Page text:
Home Investment Investing Knowledge Buying Shares under CPFIS: 3 Things That Work Against You

Buying Shares under CPFIS: 3 Things That Work Against You

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The CPF Investment Scheme offers CPF members a chance to beat the paltry official returns of 2.5%, but why do most people fail to beat this seemingly low benchmark?

According to the latest Q2 2012 statistics from the CPF Board, Singaporeans have more than S$4.4billion invested in stocks and equivalents under the CPF Investment Scheme - Ordinary Account (in short CPFIS-OA).

Yet, the 2011 annual statistics from the CPF Board show that only 17% of CPF Ordinary Account (CPF-OA) investors made realized net profits that exceeded the 2.5% CPF OA interest rate (a target which does not at first glance appear to be particularly difficult to meet).

While individuals’ judgments of the market are a significant factor in explaining this sub-par performance, investors are actually handicapped when using CPF funds to invest in shares. Here’s why.

(Note that for simplicity, we are assuming throughout this article that stock investments refer to those stocks listed on the Singapore Exchange or SGX)

 

1. Agent bank and CDP transaction charges

One of the major differences between investing your own cash versus CPF-OA funds is that in the latter, you would need the services of an agent bank to act as your go-between with the Central Depository (CDP), your stock broker and the CPF Board.

What your agent bank does on your behalf is not within the scope here, but below are the relevant charges for each CPFIS-OA transaction for shares:

  • S$10.70 bank charges per transaction
  • S$0.54 CDP charges per transaction

These are in addition to the usual commissions paid to your broker.

As an example, assuming you buy $1,000 worth of shares using cash, the total ancillary charges (including minimum commission of $25, SGX fee of 0.0475% of contract and GST), total charges would be $27.26 (i.e. 2.726% of contract value). Using CPFIS, another $11.24 in bank and CDP charges would be incurred (i.e. total effective charges of 3.85%). Of course, for larger contract values, the percentage charges of a trade under CPFIS converges towards the charges under a cash trade.

Implication: It is not cost-effective to trade in small sums and even more so if you are buying/selling shares under the CPFIS. Likewise, trading for short-term gains is punitive under the CPF-OA (in this case you are very much better-off using cash to trade).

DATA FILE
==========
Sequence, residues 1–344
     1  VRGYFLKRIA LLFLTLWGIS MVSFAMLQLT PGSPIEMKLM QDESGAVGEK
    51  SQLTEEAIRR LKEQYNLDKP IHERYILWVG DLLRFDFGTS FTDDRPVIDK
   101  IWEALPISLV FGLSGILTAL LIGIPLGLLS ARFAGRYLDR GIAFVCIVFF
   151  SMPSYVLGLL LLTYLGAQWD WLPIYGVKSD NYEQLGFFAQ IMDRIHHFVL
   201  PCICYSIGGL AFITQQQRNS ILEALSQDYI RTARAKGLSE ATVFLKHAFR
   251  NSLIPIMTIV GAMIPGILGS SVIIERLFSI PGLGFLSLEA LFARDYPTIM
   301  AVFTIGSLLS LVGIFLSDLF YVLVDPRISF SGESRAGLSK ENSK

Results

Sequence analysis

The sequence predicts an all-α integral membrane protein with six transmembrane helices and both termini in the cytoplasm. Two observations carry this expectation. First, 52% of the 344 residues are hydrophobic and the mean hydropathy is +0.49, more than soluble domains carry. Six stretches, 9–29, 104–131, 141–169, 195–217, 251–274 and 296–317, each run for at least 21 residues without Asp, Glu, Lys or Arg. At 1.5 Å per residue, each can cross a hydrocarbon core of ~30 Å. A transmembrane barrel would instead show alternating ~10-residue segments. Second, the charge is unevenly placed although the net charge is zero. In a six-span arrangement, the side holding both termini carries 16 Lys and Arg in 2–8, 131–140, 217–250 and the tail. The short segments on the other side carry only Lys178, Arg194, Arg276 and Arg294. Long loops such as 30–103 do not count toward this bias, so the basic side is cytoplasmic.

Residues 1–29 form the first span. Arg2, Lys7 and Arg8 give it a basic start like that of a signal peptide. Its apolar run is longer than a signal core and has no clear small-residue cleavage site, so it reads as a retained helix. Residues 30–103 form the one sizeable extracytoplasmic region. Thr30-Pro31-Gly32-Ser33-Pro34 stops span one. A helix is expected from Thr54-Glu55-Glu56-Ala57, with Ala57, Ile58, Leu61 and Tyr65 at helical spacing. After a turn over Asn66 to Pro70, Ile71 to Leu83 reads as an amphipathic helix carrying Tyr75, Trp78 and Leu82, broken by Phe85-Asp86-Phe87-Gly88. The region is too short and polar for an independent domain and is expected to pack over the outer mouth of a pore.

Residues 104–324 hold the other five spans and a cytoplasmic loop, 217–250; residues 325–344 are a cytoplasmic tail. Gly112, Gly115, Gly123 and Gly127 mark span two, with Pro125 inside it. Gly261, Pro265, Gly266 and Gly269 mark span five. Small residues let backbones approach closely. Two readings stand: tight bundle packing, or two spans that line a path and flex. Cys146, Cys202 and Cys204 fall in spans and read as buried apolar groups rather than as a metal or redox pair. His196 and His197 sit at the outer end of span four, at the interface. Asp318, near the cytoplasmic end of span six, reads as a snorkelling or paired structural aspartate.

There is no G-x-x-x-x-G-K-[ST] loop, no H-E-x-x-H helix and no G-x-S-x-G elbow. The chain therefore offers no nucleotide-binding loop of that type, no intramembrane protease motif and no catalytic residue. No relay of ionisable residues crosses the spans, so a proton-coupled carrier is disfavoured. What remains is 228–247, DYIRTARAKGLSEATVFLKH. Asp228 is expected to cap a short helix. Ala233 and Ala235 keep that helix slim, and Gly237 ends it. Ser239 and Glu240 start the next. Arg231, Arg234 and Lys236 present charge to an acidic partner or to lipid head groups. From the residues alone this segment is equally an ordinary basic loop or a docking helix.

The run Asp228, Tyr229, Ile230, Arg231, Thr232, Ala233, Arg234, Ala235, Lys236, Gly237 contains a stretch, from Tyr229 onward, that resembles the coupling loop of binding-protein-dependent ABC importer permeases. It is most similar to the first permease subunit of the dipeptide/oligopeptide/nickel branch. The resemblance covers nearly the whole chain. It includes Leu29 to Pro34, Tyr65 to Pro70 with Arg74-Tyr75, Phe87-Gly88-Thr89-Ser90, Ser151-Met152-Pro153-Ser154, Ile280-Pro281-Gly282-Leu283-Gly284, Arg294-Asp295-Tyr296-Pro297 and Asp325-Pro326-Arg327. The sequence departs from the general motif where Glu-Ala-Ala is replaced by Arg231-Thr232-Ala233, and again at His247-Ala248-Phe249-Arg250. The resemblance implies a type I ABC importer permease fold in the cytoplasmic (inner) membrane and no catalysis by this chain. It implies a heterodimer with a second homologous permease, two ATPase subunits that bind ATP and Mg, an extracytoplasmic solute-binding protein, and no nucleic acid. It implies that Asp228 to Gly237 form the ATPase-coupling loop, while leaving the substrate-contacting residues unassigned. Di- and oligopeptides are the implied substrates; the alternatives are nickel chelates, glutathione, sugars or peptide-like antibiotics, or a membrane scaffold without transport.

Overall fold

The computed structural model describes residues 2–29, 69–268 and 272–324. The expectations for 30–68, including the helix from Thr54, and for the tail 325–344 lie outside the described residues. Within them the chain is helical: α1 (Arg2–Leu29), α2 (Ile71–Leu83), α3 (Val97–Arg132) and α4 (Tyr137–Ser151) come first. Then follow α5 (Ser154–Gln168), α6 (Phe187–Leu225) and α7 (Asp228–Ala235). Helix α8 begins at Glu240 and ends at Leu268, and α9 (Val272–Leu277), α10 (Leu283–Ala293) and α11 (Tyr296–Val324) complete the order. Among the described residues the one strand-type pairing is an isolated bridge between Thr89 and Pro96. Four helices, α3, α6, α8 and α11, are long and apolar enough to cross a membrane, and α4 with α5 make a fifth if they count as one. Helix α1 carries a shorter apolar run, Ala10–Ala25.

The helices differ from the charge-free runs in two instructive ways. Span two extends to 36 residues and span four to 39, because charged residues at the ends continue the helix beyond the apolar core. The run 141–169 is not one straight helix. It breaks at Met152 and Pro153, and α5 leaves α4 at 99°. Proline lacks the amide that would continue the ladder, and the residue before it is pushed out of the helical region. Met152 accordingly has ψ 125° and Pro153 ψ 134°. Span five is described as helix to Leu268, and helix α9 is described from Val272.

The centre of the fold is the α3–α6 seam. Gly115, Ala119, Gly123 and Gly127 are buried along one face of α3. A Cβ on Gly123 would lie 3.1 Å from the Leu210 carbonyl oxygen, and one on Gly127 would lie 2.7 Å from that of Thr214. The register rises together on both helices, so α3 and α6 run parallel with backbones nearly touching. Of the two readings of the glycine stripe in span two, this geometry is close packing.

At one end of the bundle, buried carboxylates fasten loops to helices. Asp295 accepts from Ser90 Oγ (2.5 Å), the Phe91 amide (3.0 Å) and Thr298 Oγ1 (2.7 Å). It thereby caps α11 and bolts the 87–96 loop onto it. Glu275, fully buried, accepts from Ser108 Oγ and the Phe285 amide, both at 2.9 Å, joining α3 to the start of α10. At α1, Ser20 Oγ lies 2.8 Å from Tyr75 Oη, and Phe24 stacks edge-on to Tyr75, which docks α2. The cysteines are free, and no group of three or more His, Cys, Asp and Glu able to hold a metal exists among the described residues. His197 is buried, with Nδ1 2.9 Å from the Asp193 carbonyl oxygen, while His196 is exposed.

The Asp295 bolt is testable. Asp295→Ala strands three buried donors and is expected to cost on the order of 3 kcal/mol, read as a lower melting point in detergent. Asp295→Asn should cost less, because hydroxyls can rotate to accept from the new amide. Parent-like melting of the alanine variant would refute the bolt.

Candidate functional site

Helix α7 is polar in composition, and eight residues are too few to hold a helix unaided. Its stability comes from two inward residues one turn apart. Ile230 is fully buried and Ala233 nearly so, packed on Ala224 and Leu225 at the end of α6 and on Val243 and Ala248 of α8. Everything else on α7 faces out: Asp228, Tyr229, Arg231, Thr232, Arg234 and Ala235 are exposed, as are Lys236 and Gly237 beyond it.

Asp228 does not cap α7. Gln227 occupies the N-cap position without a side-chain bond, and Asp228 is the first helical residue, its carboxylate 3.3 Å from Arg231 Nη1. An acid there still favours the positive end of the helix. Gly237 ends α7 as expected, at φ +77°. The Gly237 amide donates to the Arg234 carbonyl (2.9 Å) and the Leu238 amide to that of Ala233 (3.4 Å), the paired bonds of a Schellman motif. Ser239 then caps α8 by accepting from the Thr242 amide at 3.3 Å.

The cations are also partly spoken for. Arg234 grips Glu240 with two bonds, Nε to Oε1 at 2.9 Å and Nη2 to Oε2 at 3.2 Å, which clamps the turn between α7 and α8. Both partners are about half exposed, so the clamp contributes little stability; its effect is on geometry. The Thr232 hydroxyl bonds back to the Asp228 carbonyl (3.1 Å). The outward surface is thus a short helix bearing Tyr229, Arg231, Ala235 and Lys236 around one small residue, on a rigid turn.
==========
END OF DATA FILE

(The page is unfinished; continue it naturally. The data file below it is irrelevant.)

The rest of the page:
Figure 1: Example of Agent Bank and CDP Charges

 

2. CDP quarterly charges

One fact not often understood by all investors is that shares purchased under the CPFIS are not really held in their personal names. Rather, under the records of the CDP, the agent bank is the custodian (nominal owner) of the shares. For such an arrangement, CDP takes the opportunity to charge you another fee of S$2.14 per counter per quarter.

This fee is automatically billed by the CDP to your agent bank, who collects the fee from the CPF, which then deducts it from your CPF-OA.

Implication: While the quarterly charges may seem quite low, these can quickly balloon if you have a highly diversified portfolio of stocks under the CPFIS-OA. For example, a portfolio of 10 stocks would lead to $85.60 in annual CDP charges, even if you are a passive investor and have only a few thousand dollars worth of stocks. Over-diversification is definitely not recommended here.

 

3. Profits do not count towards stock investment limit calculations

This is one of the most understated point when CPF members are considering investments under the CPFIS.

As an example, assume you have $100,000 in your CPF Ordinary Account. 35% of this sum can be invested in stocks (but the first $20,0000 in the CPF-OA is not investible). If you buy $35,000 worth of stocks, you would have fully depleted your investible funds for stocks.

Further assume that the $35,000 of stocks you had purchased subsequently appreciated in price and you achieved $10,000 in realised profit (net of all charges).

The updated balance in your CPF-OA is thus $110,000 (if there are no other inflows into your CPF-OA during this time, e.g. from employment)

The available funds you have for your next investment in stocks is 35% of $110,000 or $38,500. It is not the original proceeds of $45,000 from your previous stock sale as you might expect! That is to say, once you realise a profit, 65% of that profit immediately becomes non-investible and your ability to compound your returns is greatly diminished (you can’t withdraw your profits either). This rule also applies to dividends received under the CPFIS.

Because of this, some investors may refrain from realising profits, which has its own downsides. For example, you may be unwisely dissuaded from (1) switching into a higher yielding stock when a good opportunity arises; or(2) taking profit even when the market cycle has obviously peaked.

Implication: The CPFIS is thus somewhat restrictive in the deployment of realized profits towards future investments. It is also not conducive for savvy investors who take an active interest in portfolio management.

 

Conclusion

Stock investing under the CPFIS can be a profitable exercise, though the odds are actually stacked slightly against your favour when compared to investing using cash.

Generally, stock investments under CPFIS would be favourable only if the value of each contract is not too small, with a portfolio limited to not more than (say) 5 stocks. Moreover, to beat the odds, you should preferably not be intending to actively tweak your fund allocations between stocks in your CPFIS portfolio.

 

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Last Updated ( Saturday, 25 August 2012 15:06 )  
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